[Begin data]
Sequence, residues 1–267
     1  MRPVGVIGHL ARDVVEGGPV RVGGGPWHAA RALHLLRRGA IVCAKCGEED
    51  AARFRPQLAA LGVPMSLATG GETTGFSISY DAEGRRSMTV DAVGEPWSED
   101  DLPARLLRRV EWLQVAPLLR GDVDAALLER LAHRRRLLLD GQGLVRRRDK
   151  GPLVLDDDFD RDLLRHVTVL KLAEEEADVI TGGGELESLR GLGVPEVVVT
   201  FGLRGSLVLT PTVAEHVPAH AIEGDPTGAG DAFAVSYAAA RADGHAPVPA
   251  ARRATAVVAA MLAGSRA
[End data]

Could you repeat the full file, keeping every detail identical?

Sequence, residues 1–267
     1  MRPVGVIGHL ARDVVEGGPV RVGGGPWHAA RALHLLRRGA IVCAKCGEED
    51  AARFRPQLAA LGVPMSLATG GETTGFSISY DAEGRRSMTV DAVGEPWSED
   101  DLPARLLRRV EWLQVAPLLR GDVDAALLER LAHRRRLLLD GQGLVRRRDK
   151  GPLVLDDDFD RDLLRHVTVL KLAEEEADVI TGGGELESLR GLGVPEVVVT
   201  FGLRGSLVLT PTVAEHVPAH AIEGDPTGAG DAFAVSYAAA RADGHAPVPA
   251  ARRATAVVAA MLAGSRA